Page last updated at 11:15 GMT, Wednesday, 3 September 2008 12:15 UK

Didgeridoo book upsets Aborigines

By Nick Bryant
BBC News, Sydney

An Aboriginal man plays a didgeridoo (R) during a protest on Cockatoo Island (2000)
Some Aborigines say the didgeridoo should only be played by men

Aboriginal leaders in Australia have called for a book teaching girls how to play the didgeridoo to be scrapped.

The Australian version of the Daring Book for Girls is due to be published next month.

It has angered some indigenous leaders who view the didgeridoo as a male instrument not to be played by women.

Publisher Harper Collins Australia said it was not aware of any taboos on women playing the didgeridoo, and has apologised for any offence caused.

'Extreme faux pas'

The Australian version of the book has replaced much of the original British content with distinctly Antipodean pastimes.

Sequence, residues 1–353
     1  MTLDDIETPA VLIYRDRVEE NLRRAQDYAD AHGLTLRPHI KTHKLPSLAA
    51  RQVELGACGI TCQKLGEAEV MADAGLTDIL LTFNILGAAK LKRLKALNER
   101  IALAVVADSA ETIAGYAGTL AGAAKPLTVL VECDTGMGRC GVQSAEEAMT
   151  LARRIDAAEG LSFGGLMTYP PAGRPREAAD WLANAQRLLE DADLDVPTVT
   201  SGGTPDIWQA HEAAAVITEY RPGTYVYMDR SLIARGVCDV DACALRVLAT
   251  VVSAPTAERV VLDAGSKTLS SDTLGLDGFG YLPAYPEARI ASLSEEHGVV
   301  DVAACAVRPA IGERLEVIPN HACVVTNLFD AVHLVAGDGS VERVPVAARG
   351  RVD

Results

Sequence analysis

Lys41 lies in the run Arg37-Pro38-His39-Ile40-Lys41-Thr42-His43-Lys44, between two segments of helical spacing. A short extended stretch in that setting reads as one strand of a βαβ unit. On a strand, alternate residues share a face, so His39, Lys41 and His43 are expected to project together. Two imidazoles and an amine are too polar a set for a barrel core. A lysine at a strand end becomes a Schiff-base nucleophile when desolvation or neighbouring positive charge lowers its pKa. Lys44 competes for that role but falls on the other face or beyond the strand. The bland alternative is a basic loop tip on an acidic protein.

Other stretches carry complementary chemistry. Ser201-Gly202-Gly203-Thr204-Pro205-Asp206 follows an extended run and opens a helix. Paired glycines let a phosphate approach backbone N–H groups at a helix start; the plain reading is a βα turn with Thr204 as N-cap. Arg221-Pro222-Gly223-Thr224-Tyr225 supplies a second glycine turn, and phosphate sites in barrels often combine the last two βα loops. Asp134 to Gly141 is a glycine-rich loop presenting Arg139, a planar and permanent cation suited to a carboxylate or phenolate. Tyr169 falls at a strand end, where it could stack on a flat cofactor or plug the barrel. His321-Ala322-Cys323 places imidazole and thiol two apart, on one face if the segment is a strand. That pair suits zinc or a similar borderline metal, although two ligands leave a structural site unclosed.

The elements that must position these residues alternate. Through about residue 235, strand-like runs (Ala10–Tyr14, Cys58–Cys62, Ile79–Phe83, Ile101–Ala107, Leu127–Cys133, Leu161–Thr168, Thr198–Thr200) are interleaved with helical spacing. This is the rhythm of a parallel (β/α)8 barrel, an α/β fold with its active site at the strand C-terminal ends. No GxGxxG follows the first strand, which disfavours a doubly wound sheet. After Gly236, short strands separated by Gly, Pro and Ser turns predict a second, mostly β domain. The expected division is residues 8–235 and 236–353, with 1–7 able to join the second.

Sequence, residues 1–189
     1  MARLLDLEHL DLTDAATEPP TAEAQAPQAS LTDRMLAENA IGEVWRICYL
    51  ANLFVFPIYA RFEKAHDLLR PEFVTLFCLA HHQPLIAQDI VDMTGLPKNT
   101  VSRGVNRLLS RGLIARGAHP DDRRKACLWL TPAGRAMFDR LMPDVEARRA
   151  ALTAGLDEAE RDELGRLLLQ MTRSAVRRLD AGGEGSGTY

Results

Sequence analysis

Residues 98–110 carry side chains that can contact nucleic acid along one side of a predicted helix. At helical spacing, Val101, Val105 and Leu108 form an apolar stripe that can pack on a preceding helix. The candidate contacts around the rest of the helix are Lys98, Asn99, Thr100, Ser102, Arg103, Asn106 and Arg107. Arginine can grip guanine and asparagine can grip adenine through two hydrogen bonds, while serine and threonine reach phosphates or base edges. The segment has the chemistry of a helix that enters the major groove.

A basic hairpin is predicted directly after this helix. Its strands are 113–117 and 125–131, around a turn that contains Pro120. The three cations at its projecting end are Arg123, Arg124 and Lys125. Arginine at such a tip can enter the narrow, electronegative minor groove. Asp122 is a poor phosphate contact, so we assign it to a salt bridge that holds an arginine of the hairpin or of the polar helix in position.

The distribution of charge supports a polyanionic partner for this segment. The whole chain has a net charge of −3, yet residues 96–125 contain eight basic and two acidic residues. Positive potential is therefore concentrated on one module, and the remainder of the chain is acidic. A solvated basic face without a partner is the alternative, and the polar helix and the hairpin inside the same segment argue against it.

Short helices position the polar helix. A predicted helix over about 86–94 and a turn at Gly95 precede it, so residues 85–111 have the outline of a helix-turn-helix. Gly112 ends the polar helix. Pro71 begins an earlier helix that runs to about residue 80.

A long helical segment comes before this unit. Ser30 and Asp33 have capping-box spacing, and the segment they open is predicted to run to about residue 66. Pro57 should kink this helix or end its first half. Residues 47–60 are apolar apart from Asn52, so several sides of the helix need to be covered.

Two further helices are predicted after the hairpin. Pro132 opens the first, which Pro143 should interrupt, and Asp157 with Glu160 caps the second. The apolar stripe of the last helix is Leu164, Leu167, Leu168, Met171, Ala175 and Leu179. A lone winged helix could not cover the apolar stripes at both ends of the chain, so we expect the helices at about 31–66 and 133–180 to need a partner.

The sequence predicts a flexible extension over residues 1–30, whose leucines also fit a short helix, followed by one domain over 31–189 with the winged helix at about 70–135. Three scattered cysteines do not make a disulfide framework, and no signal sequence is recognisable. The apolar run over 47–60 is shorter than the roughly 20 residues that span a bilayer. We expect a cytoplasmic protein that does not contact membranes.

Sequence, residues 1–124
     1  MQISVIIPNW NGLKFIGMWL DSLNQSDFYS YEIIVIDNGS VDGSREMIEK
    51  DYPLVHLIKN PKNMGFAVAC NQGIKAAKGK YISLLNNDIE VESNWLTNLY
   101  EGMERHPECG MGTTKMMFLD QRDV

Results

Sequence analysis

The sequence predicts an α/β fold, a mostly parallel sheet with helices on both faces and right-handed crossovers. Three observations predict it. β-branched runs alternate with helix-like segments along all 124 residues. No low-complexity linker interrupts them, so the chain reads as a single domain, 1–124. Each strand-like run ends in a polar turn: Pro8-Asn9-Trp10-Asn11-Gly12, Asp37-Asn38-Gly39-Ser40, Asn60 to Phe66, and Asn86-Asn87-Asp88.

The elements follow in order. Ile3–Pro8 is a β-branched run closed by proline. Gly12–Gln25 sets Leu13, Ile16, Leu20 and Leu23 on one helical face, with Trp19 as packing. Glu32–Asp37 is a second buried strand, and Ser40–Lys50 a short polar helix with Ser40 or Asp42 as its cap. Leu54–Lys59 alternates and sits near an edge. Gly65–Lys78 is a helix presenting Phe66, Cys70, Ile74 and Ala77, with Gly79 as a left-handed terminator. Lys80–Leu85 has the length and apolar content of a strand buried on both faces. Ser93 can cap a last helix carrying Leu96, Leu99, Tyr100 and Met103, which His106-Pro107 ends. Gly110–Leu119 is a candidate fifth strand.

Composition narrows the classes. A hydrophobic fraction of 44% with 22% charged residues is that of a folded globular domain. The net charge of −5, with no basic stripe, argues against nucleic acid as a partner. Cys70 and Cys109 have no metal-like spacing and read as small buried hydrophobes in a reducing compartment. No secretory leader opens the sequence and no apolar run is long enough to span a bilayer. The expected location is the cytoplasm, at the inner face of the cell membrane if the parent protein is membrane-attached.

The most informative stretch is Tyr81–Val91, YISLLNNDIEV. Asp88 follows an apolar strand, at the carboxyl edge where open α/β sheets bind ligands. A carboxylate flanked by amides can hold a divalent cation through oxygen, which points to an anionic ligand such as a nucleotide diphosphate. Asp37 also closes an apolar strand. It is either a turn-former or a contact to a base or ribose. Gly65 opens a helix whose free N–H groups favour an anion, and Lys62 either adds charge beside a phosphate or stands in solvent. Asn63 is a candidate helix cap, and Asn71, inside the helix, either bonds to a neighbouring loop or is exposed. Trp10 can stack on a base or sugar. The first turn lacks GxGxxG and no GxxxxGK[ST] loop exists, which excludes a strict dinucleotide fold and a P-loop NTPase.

But its advice to young readers on how to play the didgeridoo has offended some Aboriginal leaders.

In many indigenous cultures, the hollowed out wooden pipe is viewed as a male ceremonial instrument, and women are forbidden to play it.

Some Aboriginal cultures believe even touching a didgeridoo can have terrible consequences - and even lead to infertility.

One academic called the book's inclusion of didgeridoo lessons "an extreme faux pas".

Harper Collins Australia apologised for inadvertently offending anyone, but said there was a "divergence of opinions" within Aboriginal culture on whether girls should play this ancient instrument.

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